Oh my, this is the last Friday of the month! It's time to give something away. Earlier this month, Latayne gifted five of her debut novels, but she's too generous to stop there. At 4 pm MT today, I'll draw a name from today's commenters for yet another copy of Latter-Day Cipher. So, if you've been lurking, now is the time to speak up. This is an amazing book. I would love to be reading it right now, but first my blog...
We'll get ourselves into trouble (What's new about that?) if we forget how wide a spectrum of readers turn to CBA for fiction. I once followed two women into a local Christian bookstore. I don't know what their particular hangups were with fashion, but let's just say they wore sensible shoes and kerchiefs on their heads. I followed behind in shorts and sandals. They walked a bullet-line to the fiction section and filled their arms with six to eight novels each. I remember thinking, I'm in big trouble if that's my target audience. My characters shave their legs and wrestle with God. Would these women be interested? I had my doubts.
Enter the neglected Christian fiction readers, men and women who prefer their fiction to deal with questions that the author is content to leave unanswered--full of beautifully crafted stories and populated with characters straight from life, only a bit larger, in a personality way, than folks we're likely to meet.
The key is knowing your audience or who you are as an audience. I can't remember where I learned this, but I keep this simple truth in mind as I write: According to Aristotle, there are three crucial elements to writing. Audience. Purpose. Voice. I find this to be especially true in the CBA market. Depending on the audience subset of the CBA market, purpose and voice are modified.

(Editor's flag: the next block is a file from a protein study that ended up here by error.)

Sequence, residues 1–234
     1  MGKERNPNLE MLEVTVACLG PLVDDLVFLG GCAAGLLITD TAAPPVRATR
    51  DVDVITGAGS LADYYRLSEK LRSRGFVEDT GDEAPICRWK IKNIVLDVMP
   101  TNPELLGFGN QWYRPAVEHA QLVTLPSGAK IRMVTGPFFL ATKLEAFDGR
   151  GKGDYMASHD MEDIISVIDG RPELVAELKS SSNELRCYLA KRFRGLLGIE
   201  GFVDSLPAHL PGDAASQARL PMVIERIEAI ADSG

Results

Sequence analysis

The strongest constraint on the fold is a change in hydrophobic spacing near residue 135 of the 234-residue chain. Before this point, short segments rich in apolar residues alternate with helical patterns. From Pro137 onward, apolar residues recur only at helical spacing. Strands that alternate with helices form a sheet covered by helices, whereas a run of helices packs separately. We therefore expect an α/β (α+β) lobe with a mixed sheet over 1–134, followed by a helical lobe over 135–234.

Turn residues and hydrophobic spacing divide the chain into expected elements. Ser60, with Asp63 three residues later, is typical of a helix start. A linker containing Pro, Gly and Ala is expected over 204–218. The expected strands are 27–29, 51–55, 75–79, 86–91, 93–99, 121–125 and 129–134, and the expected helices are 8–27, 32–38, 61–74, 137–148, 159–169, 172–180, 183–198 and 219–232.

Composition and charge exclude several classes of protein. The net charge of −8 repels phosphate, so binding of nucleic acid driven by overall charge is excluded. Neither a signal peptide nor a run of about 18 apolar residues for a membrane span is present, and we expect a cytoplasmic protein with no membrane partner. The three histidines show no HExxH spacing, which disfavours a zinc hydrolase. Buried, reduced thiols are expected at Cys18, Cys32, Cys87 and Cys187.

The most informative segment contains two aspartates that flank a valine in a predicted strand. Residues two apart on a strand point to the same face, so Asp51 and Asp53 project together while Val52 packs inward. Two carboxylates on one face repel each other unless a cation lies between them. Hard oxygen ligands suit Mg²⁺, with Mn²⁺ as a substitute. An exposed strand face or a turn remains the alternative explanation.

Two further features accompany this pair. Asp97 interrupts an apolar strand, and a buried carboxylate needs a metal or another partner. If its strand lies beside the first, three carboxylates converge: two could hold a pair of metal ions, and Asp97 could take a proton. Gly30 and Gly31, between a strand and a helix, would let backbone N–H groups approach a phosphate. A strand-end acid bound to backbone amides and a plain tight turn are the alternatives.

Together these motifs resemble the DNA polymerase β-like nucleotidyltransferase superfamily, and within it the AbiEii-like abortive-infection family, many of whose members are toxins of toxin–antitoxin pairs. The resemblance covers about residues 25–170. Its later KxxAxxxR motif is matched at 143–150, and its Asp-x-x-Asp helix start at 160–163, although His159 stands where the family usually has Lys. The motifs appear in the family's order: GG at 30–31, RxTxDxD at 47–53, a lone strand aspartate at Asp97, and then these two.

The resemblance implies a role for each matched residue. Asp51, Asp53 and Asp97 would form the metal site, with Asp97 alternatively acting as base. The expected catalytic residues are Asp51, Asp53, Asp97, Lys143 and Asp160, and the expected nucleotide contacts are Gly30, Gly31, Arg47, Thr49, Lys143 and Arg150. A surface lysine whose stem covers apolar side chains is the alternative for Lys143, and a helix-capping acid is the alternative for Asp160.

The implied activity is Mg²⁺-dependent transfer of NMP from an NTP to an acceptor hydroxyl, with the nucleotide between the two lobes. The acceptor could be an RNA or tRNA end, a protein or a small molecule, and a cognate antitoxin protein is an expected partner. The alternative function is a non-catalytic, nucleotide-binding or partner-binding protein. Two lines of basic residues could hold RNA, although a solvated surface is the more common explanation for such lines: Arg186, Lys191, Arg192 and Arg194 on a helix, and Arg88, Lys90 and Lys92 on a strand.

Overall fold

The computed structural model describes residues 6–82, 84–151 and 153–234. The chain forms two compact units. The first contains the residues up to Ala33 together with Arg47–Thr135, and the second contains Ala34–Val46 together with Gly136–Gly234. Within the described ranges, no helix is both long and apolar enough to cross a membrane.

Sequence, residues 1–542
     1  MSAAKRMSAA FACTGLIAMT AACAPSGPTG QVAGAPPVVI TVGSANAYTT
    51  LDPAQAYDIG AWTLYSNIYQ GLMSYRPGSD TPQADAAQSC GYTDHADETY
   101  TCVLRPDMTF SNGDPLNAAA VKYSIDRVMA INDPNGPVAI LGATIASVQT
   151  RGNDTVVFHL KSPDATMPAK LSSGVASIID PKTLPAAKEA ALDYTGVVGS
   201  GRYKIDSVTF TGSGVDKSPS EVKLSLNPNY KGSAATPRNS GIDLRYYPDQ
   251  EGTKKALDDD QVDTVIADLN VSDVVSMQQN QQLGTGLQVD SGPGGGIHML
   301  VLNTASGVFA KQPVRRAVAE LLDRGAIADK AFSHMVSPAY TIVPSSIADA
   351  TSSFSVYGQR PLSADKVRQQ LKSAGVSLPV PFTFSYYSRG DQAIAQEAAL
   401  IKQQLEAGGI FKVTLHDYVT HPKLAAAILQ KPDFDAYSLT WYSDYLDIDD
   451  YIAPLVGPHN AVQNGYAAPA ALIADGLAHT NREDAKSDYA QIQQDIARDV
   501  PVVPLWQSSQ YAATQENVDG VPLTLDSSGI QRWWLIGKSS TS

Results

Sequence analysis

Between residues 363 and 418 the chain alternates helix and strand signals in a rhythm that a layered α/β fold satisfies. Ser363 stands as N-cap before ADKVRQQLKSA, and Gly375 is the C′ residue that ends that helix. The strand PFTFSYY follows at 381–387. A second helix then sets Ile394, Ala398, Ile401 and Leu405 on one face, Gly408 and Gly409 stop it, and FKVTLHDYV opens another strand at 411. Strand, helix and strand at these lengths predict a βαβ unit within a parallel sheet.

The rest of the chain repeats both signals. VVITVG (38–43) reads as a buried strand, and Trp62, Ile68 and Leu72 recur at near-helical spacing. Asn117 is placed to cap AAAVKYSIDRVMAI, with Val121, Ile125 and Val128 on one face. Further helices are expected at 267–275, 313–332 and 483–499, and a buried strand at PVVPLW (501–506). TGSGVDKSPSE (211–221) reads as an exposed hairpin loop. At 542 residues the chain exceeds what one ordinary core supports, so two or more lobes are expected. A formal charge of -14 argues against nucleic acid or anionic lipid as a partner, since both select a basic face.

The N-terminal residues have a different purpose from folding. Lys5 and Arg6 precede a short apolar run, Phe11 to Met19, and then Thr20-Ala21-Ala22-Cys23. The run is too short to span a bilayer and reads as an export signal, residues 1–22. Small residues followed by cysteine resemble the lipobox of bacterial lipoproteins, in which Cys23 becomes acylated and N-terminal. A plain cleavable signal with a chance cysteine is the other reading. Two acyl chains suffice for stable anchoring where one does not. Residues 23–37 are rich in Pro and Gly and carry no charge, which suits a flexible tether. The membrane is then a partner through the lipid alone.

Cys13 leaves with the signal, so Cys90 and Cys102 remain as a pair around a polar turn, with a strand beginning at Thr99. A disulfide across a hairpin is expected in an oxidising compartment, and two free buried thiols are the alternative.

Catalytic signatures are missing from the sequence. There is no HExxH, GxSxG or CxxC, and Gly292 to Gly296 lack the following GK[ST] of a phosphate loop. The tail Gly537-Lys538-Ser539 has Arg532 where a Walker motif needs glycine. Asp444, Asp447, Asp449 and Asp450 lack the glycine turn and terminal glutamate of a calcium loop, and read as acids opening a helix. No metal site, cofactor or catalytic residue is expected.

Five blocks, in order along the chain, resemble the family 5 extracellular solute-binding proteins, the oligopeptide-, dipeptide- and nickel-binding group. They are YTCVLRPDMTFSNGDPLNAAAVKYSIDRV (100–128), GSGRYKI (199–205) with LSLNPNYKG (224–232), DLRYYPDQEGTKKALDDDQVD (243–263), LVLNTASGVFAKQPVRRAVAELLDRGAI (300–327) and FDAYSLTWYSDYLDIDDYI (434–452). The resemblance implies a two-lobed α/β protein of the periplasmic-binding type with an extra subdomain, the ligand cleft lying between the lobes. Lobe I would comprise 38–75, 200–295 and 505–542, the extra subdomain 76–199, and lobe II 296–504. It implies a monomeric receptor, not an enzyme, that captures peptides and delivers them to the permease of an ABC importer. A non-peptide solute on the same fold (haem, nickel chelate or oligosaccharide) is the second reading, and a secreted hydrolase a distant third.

For instance, if the audience is looking for validation, a writer would avoid story lines with uncomfortable scenarios, language, or characters. These books are the Louis L'Amour books of CBA. Sure, L'Amour tackles issues of loyalty, hard work, and the value of a quick draw, but nothing any red-blooded, wannabe cowboy would question. We're not making a value judgement here, just identifying audiences. And CBA caters to these readers, no apologies required.
Another audience in the CBA market wants to read--and the genre doesn't matter--fiction that asks questions that aren't necessarily answered. They aren't afraid to look at faith matters in fresh ways, although they're sticklers for theological rectitude. They still want to be entertained, but they're willing to follow the writer's lead through snaky cognitive hoops. This kind of fiction requires the author to trust her audience to participate in the journey. Hopefully, the story and characters stay with the reader long after the last page has been read.
These are just two CBA audiences. There are many more, like those who want fiction they can hand off to their non-believing friends, or character-building reads with strong moral lessons for young readers, or fiction that encapsulates an important faith lesson--think end times or spiritual warfare. Recognizing that we have varying subsets of readers may help us to value what each artist brings to the table, but I'm with Anonymous. Schlock is never appropriate. (I hope we talk someday soon about why schlock, beyond the fact that there's a vast audience for this "genre," is among our biggest sellers. Hear my heart deflating?)
For readers, do you fit in one of these CBA subsets? Which one and why? For writers, who is your audience? How do you write to meet their needs? Care to define a CBA subset I missed? Anyone? Anyone? Is there a subset you consider inappropriate?
Speak amongst yourselves. I'm going to read Latter-Day Cipher. I'll be dropping by.